Copyright overtaken by technology

Public IP networks and digital technologies that enable the copying and transmission of digitised works of music are a very real threat to the industry's raison d'etre.

The threat to imprison, fine or disconnect those who download music is likely to result in some injustice, and to punish the industry's own consumers, which is not the desired result.

The format has changed, and the record industry no longer owns the format or its means of distribution. Change will not come by punishing the listener, who is also the future market for the product, but by harnessing the format.

Punishing the users

A core assumption of the three strikes and out policy is that an ISP has the storage and processing capacity to analyse and evaluate every transaction according to an arbitrary definition of what might or might not be a legal web page or a legitimate download.

Advertisement - Article continues below
Advertisement - Article continues below

Peer-to-peer connections may be innocent and travel by proxy - the latest Ubuntu CD, an archive film which is out of copyright, or material under the Creative Commons - and the cost to ISPs will be disproportionate to any return.

The prospective policy is built on speculation about the motives of targeted end users, who will often be teenagers who are innocent of the law and its consequences and parents who don't know what their children are up to.

If the objective is to end illegal downloading, the logical target for preventative measures is not the end user, but the uploaders. Punishing the users is not the way to promote a product.

The real danger to the music industry is not that a student here or a teenager there may download an MP3, at a theoretical cost to the musician or the record labels, but that public IP networks and digital technologies that enable the copying and transmission of digitised works of music are a very real threat to the industry's raison d'etre.

The orchestra in your living room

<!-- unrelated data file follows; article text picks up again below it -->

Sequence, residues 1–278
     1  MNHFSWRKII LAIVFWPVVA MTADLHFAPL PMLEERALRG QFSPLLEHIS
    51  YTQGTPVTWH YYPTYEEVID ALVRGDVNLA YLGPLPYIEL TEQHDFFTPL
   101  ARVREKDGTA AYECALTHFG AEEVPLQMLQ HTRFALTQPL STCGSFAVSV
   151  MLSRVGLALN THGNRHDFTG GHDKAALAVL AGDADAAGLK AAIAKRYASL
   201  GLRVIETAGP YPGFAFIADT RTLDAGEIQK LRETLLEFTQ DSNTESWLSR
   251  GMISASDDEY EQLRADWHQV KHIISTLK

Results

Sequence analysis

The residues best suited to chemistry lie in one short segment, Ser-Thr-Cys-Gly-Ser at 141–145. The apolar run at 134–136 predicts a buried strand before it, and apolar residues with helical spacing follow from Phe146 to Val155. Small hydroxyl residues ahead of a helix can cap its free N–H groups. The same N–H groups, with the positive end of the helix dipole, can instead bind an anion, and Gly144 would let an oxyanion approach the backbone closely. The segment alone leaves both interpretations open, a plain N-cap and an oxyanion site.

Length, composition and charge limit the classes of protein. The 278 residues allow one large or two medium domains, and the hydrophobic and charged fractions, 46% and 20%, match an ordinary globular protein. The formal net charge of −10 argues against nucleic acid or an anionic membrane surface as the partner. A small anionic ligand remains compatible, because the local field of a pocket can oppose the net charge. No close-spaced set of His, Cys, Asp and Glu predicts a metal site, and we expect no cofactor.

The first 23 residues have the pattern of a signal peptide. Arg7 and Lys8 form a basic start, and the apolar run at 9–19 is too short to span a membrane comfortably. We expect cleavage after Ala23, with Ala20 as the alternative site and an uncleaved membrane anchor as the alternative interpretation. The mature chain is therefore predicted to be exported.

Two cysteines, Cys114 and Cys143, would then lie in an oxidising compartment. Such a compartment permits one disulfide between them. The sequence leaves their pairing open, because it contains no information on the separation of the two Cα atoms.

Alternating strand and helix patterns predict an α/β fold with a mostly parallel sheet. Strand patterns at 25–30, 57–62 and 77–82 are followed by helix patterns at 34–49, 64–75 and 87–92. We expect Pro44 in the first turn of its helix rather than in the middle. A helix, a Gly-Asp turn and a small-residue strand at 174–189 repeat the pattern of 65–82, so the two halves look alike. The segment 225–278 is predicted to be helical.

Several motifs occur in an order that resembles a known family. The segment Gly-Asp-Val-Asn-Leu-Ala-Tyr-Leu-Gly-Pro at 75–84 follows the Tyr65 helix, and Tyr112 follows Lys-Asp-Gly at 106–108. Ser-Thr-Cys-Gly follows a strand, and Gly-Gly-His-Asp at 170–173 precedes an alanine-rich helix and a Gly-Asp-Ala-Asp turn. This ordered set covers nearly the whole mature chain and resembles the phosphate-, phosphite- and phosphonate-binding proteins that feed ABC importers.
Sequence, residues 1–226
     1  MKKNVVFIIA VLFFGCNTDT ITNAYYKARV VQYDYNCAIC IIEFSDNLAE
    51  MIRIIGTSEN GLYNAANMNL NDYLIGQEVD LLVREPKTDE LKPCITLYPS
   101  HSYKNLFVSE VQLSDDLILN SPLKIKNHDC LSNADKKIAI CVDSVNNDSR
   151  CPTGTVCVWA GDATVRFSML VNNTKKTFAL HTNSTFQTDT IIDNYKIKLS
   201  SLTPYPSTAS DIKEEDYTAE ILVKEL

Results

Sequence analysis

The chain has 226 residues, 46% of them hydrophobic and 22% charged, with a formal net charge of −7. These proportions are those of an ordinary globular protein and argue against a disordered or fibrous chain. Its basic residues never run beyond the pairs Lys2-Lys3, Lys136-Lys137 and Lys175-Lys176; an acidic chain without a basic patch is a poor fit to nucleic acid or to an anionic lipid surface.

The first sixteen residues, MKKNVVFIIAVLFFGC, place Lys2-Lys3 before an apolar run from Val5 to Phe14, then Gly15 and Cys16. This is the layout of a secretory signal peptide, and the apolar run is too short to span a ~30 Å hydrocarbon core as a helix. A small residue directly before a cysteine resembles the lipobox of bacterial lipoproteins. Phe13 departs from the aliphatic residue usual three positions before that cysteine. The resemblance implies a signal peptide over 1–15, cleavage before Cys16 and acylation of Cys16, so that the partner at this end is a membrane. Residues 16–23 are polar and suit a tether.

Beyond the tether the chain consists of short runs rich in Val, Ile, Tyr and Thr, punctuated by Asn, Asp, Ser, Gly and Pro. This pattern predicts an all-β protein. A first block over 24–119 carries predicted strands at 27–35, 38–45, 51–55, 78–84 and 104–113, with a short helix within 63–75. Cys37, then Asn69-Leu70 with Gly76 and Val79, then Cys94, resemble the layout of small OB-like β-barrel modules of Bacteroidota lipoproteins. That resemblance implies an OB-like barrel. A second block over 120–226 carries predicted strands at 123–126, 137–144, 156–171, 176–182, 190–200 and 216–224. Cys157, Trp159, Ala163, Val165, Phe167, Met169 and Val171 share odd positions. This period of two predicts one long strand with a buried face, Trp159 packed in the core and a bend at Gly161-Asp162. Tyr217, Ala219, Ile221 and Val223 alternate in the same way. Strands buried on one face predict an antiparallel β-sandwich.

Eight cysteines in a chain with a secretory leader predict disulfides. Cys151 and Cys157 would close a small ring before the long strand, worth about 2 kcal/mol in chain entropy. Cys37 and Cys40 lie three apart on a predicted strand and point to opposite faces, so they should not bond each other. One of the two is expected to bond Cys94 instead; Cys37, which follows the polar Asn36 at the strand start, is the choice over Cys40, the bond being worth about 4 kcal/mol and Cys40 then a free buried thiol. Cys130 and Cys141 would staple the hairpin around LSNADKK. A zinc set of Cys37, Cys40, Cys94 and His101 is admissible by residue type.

The music industry of the last 100 years grew out of a technological revolution in the early part of the 20th century when, for the first time, it became possible to reproduce the sound of orchestras in your living room.

Advertisement - Article continues below

The distribution of music over the airwaves and on vinyl resulted in a better-informed listening public who went out and consumed more music of greater variety than they might have done before. And, of course, bought more records.

Featured Resources

What you need to know about migrating to SAP S/4HANA

Factors to assess how and when to begin migration

Download now

Your enterprise cloud solutions guide

Infrastructure designed to meet your company's IT needs for next-generation cloud applications

Download now

Testing for compliance just became easier

How you can use technology to ensure compliance in your organisation

Download now

Best practices for implementing security awareness training

How to develop a security awareness programme that will actually change behaviour

Download now

Most Popular

Microsoft Windows

What to do if you're still running Windows 7

14 Jan 2020
operating systems

17 Windows 10 problems - and how to fix them

13 Jan 2020
data governance

Brexit security talks under threat after UK accused of illegally copying Schengen data

10 Jan 2020

Dell XPS 13 (New 9300) hands-on review: Chasing perfection

14 Jan 2020